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Hernia Mesh Lawsuit in Michigan | Get the Right Lawyer

Our Michigan Hernia Mesh Lawyers are investigating allegations that mesh implants used during hernia surgery caused serious injuries in patients — ranging from pain and infection to adhesion to tissue and bowel obstruction. There are currently hundreds of defective hernia mesh lawsuits pending in federal courts across the United States.
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If you or a loved one suffered a hernia mesh injury, you should contact a Hernia Mesh Lawyer at Schmidt & Clark, LLP, immediately.

Hernia mesh victims may be entitled to compensation by filing a lawsuit and a hernia mesh attorney can help. Please click the button below for a Free Confidential Hernia Mesh Injury Case Evaluation or call our medical malpractice lawyers toll-free 24 hrs/day by dialing (866) 588-0600.

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Hernia Mesh Lawsuit Status Update - August 2022

More hernia mesh lawyers are filing medical malpractice lawsuits, which could be a harbinger of a global hernia mesh settlement. Many hernia mesh lawsuit lawyers close their doors to new lawsuits when a global settlement amount is reached.

The last monthly period saw another high volume of new medical malpractice lawsuits added to the C.R. Bard hernia mesh class action lawsuit in Ohio. Between June 15 and July 15, at least 216 new cases were transferred into the Bard MDL, bringing the total lawsuits filed over the Bard hernia mesh to at least 17,195.

Why Do Doctors Use Mesh to Repair Hernia Injuries?

Most surgeons use mesh because the repair can be done without putting tension on the tissue, which in turn reduces the likelihood of a hernia recurrence. Some studies, most of which are funded by medical device manufacturers, suggest that half of all hernia repairs without mesh fail, while only 20% of mesh repairs fail. Thus, mesh is typically used unless a patient has an active infection or sepsis.

There are four main types of ventral hernia repair surgeries:

  • Laparoscopic extraperitoneal repair
  • Laparoscopic transabdominal preperitoneal patch repair
  • Open tension-free mesh repair
  • Open primary tissue approximation repair

The first three types all require mesh for hernia mesh device surgeries. The last type, the open tissue approximation, is usually described by the particular surgical technique: Shouldice, Bassini, or McVay.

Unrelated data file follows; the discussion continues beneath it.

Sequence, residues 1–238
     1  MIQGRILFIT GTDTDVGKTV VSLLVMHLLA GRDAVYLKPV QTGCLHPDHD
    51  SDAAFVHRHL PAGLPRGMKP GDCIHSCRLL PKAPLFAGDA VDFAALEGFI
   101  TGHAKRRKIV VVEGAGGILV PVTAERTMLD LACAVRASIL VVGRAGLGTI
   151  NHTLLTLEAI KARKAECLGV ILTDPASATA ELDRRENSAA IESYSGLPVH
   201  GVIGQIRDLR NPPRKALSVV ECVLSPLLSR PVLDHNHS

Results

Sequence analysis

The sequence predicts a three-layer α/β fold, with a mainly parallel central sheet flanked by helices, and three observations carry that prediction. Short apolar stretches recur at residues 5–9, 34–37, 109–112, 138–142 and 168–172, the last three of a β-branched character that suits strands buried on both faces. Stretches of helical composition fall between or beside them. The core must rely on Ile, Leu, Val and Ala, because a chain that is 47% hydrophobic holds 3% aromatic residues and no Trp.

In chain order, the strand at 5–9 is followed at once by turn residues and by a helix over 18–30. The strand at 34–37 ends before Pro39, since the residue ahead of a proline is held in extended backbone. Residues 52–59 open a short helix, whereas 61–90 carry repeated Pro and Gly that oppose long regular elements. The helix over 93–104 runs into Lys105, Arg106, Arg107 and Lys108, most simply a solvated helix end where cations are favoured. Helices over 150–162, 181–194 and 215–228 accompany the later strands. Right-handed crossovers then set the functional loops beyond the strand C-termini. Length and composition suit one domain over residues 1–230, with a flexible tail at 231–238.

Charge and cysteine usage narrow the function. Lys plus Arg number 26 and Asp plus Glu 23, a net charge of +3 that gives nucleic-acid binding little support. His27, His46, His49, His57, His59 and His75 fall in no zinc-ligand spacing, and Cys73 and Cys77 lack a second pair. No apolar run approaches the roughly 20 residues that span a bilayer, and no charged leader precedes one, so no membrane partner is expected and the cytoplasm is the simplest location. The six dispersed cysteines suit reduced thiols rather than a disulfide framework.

Medical Malpractice

When Hernia Repair Surgery is Necessary

Hernias are often detected when the stomach, intestines, or other organ protrudes through the abdominal muscle wall. Other procedures repair pelvic organ prolapse, abdominal hernias, inguinal hernias, and complications involving stress urinary incontinence.

Surgeons had previously sewed the torn area back together through extensive corrective surgery. However, the abdomen might weaken after the simple hernia mesh repair and cause a larger rip in the exact location.

The recurrence of a torn abdominal muscle and peritoneum (the connective tissue lining of the abdominal wall) could cause a small hernia with an intestinal bulge to develop into a large hernia where loops of the intestine are pushed through the muscle.

In addition, in some severe cases, the intestines would become pinched in the muscle wall (strangulated hernia).

What's the Problem With Defective Hernia Mesh Implants?

Many of the synthetic hernia mesh implants marketed since 2005 were rushed to the U.S. market using the FDA’s 510k medical devices clearance process, and were manufactured and marketed with little to no studies as to the safety of the surgical mesh device for hernia repair.

Many of these hernia mesh patch devices have been silently withdrawn from the market or otherwise recalled due to hernia mesh injuries caused by medical malpractice.

These problematic surgical mesh implants allegedly contain design defects and undisclosed or under-disclosed risks such as: (1) use of “coatings” on the defective hernia mesh product that cause adverse reactions and infections; (2) excessive hernia mesh and tissue contraction; (3) tendency of the mesh to migrate, shrink, or turn into a hardened ball or mass; and (4) excess foreign body reaction and rejection of the hernia mesh implant in the body.

Related Article: Hernia Mesh Patch Lawsuit

See the other defective medical device litigations our attorneys have covered.

Hernia Mesh Surgery Complications

People who filed mesh cases against the manufacturers of defective products have allegedly suffered complications including:

  • Chronic pain
  • Infection
  • Hernia recurrence
  • Adhesions
  • Bowel Perforation
  • Bowel obstruction
  • Mesh erosion or failure
  • Defective Mesh migration
  • Mesh infections
  • Corrective surgery
  • Additional surgery
  • Revision surgery to remove hernia patch

C Qur Mesh

Which Hernia Meshes Have Been Recalled?

While it’s often difficult to identify which hernia mesh products have been recalled or removed from the market, the following are suspected to cause problems during hernia repairs in the abdominal wall:

There may be other defective hernia mesh devices that have been recalled or that are causing complications or hernia mesh problems in patients, so if you’re having complications from your hernia mesh, contacting a hernia mesh lawyer to assess your claim may be the next step for you.

Atrium C-QUR Mesh for Hernia Treatment

C-Qur mesh is manufactured by Atrium Corporation, and is a flexible, non-absorbable polypropylene mesh with filaments woven into a fabric and laminated.

The mesh uses an Omega-3 fatty acid coating which Atrium claimed would prevent adhesions after being implanted. Instead, the Omega-3 fatty acid coating causes the body to initiate an immune response. This response causes pain, rashes and other serious complications.